Raise the Woof: Guide Dogs of America Puppy Raisers

By Martha Michael >>>

There are dog lovers who, literally, work around the clock to raise puppies to be positive role models. No matter where they go, these pups go with them, and they are always training, shaping the little canines to grow up to become extremely responsible.

They are Guide Dog Puppy Raisers.
Finding trainers who can accomplish that is not an easy task, says Louise Henderson, puppy program manager for Guide Dogs of America.
“At eight weeks the puppies go to homes for socialization, house manners and basic obedience,” Henderson says. “And to socialize the dogs they take them everywhere with them.”
The puppies stay with the individuals, couples or families who have signed on to train them for the very important next step: formal guide dog training with a licensed certified instructor. The secondary training takes about 4-6 months. Then each of the guide dogs are matched to a visually impaired recipient.
“Formal guide dog training is when we have California licensed instructors, where they learn to handle obstacles, stopping at curbs, etc.,” Henderson explains, adding that California is the only state with a board of licensing for guide dogs.
Guide Dogs of America is a non-profit program providing guide dogs and instruction in their use – free of charge – to blind and visually impaired men and women from the United States and Canada. A GDA Visitor and Education Center is located in Sylmar, Calif. on a 7.5-acre campus.
Guide Dogs of America starts them all as puppies, and puppy trainers have them from eight weeks to 18 months.
“We are always looking for puppy raisers,” says Henderson, who adds that her program covers the areas all the way from San Diego up to San Luis Obispo.
If a puppy doesn’t make it through the program – for medical reasons or just temperament – the puppy trainer has the option of keeping the dog. Almost all of Henderson’s puppy training volunteers enjoy the program so much, they take on new puppies over and over again.
“We have a 70 percent return on our puppy raisers,” she says. “We have retired couples, individuals, and if it’s a teenager, it’s a family affair. The whole family has to be involved.”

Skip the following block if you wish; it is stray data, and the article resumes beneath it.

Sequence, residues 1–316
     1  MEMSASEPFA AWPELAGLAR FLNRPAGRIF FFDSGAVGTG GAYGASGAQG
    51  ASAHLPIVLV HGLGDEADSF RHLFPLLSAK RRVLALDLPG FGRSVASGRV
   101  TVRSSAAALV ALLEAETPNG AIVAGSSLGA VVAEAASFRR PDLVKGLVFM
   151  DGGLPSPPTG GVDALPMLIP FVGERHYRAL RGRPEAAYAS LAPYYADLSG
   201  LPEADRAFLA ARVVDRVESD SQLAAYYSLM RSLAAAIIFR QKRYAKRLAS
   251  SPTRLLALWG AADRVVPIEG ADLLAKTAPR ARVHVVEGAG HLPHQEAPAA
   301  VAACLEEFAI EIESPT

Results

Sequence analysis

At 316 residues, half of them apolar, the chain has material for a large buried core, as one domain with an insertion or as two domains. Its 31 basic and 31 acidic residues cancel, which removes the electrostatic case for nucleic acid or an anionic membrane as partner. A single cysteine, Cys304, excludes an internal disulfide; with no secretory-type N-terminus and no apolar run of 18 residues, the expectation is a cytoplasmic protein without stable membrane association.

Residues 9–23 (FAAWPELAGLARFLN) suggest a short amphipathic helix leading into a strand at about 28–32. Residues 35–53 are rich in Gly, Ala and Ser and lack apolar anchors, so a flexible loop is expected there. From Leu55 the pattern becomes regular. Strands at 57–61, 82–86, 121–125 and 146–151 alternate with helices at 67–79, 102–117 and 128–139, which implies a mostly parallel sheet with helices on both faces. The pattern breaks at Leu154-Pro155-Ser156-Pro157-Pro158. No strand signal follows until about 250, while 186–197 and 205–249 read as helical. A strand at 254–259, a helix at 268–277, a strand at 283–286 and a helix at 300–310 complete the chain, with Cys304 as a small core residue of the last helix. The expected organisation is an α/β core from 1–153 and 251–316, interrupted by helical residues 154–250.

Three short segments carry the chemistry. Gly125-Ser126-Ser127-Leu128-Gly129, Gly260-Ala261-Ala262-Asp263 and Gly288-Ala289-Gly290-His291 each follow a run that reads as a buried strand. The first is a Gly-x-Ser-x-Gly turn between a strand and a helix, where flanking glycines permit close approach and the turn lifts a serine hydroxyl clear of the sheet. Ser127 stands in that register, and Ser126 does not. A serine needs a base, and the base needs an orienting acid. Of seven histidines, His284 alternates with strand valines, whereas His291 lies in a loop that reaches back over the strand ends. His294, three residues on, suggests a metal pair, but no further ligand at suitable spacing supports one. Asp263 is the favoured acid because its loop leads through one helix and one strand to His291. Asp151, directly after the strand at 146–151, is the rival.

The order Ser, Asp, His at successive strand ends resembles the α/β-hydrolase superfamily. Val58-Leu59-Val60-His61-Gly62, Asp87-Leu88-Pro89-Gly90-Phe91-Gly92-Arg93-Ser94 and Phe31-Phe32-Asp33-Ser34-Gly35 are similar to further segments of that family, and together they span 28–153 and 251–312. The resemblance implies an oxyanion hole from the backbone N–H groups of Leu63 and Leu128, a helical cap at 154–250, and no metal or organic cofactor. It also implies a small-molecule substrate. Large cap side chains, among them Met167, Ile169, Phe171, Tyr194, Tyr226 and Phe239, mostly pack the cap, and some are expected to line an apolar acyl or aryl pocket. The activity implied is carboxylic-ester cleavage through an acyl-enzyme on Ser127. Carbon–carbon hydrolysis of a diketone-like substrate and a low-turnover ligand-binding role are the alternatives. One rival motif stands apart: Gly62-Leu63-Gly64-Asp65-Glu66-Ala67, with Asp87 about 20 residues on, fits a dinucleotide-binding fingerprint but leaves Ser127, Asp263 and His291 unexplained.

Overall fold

Puppy raisers bring the dogs to work with them, literally not leaving their side. Sometimes they have to take time off work, especially in the beginning when the pups are just babies, according to Henderson. If they’re at work and have meetings, their co-workers often help out.
“It’s pretty much at the beginning that it’s harder,” says Henderson. “As the dogs get older, they know they go to work. If they work in an office, they go lay on their bed – they know that’s the routine. That’s what we need.”
Among the circumstances involved with puppy raising are some surprises.
“We have different groups in different areas, but we have a lot of puppy raisers who make lifelong friendships,” Henderson says. “We had some couples who had RVs and they’d do trips together. We have puppy raisers who have been doing this for 25 years.”
Guide Dogs of America has its own breeding program. They mostly use Laborador retrievers, golden retrievers and German shepherds for the guide dog program. Some of their dogs are Laborador-golden retriever cross-mixes.
The qualities they look for in a puppy raiser include the ability to socialize the dog, to be able to take it to work, teach the dog basic obedience and nice house manners.
For more information, or to volunteer to be a puppy raiser, visit www.guidedogsofamerica.org.